We entered the Vietnamese Mekong Delta using the only proper way, which obviously is by the boat. Mekong is really wide. We couldn’t see much of what’s going on on the river banks. Only later, on the Vietnamese side of the border, did we have a chance to see the life bustling in the canals, as well as, yet another, Mekong sunset.
As it happens, while crossing the border on the boat, we had preconceived notions about Vietnam floating in our heads. We should swear never to listen to other tourists’ opinions again, or rather to nay-sayers in general, for it didn’t take long for Vietnam to cast away all our doubts. The Mekong Delta provided everything we like and expect from a trip and more. We got immediately pulled into this cauldron and let go, giving the region a chance to show what it has to offer. The people are open and have no inferiority complex. They live in a different way and in a different reality, and that’s fine. They are eager to get to know us and curious about our plans. The place is exotic enough to fascinate us and the nature is untamed. Also, there is an incredible abundance of really cheap food.
It seems to us best things happen with no camera around. Like the time we stumbled upon a pretty well-hidden seafood restaurant with tanks full of giant prawns, crabs, clams and what not. And no sooner did we finish our grilled delicacies and Saigon lagers than the occupants of the nearby table decided to join us. There was more food and beer to ease the language barrier. Or the time when, in a city where there supposedly were no good restaurants, we found a pho place with two gigantic pots on a wood-burning stove and while we were devouring the delicious soup, the cooks began pulling out two full buckets of huge bones from the pots. No skimping on the base, let me tell you. These are also the times we got to watch the colorful menagerie of the streets — people napping in absurd positions, folks reading newspapers in front of their shops, children obliviously playing or a lady offering us fruits before she is even ready to start a conversation. We see these snapshots one after the other and without a camera we feel a part of this world rather than intruders.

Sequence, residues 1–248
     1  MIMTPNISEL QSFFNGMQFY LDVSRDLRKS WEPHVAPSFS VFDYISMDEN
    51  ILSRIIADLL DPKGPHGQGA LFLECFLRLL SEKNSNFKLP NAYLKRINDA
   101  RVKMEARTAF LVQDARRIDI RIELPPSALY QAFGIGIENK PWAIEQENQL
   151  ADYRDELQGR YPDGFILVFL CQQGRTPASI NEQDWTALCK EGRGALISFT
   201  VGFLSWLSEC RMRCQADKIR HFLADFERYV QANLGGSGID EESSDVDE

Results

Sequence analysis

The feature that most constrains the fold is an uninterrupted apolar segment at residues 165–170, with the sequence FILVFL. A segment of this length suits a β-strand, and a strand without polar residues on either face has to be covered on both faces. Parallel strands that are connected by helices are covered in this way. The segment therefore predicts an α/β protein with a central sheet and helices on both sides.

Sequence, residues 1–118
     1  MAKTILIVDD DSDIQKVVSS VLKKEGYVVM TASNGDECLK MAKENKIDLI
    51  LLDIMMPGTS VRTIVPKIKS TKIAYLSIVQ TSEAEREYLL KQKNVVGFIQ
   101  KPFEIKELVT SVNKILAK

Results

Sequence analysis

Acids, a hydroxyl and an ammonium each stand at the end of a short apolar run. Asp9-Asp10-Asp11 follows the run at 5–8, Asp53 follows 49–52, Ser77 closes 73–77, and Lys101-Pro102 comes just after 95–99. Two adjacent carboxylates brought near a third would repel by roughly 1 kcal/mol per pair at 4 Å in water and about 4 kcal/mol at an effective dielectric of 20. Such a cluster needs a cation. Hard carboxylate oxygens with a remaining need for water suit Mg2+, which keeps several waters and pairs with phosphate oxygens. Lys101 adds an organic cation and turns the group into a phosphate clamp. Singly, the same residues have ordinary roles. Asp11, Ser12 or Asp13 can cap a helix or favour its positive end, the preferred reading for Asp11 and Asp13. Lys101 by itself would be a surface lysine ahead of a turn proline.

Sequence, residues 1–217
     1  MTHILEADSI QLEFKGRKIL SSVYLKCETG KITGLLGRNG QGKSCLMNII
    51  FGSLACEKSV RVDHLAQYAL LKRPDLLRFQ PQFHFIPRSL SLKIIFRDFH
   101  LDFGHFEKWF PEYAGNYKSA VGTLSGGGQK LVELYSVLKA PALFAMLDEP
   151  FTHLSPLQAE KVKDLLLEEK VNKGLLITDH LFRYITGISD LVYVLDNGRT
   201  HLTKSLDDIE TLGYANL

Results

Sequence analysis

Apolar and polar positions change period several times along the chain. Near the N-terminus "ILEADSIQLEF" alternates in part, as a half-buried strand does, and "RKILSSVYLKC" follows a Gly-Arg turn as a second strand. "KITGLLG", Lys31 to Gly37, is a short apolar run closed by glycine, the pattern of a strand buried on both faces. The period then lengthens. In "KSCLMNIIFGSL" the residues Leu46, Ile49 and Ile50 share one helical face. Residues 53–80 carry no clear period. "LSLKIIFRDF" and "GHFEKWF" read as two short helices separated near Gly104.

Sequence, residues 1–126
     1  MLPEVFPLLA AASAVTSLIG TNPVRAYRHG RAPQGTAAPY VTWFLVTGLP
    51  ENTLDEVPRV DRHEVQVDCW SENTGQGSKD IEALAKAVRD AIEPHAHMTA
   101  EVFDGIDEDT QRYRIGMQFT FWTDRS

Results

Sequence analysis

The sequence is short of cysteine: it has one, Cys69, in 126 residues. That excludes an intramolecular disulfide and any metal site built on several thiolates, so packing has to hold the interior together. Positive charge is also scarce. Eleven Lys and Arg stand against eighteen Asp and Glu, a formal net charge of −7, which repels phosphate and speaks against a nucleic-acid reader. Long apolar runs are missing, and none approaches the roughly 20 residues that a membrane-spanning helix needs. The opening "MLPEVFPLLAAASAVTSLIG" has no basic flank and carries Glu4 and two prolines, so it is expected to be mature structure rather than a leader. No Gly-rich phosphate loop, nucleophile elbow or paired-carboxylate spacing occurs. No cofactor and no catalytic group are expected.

The life in the delta happens on land as well as on water. The floating markets, a main tourist attraction here, are, to some extent, a thing of the past, but the canals still offer a plethora of interesting sights and insights, an irresistible mixture of beauty and ugliness. Boats here have eyes, whole families live inside them, with chickens to boot.
It is said that the delta is the “rice bowl” of Vietnam, delivering a huge portion of food the Vietnamese consume. While on a moto-taxi or a bus, traveling through a beautiful area between An Binh and Ben Tre, we see little of the rice fields, but there are endless orchards of rambutan, longan, coconut and water apples. There are many seedling nurseries and gardens as well. The life force here is unstoppable and plants explode from every patch of ground.
We can see more clearly now that our perception of reality depends on how we feel and that what we see is also a reflection of how we feel. Paradoxically, when we feel good now in our travels and experience more, we also miss home and people close to us more. We travel on…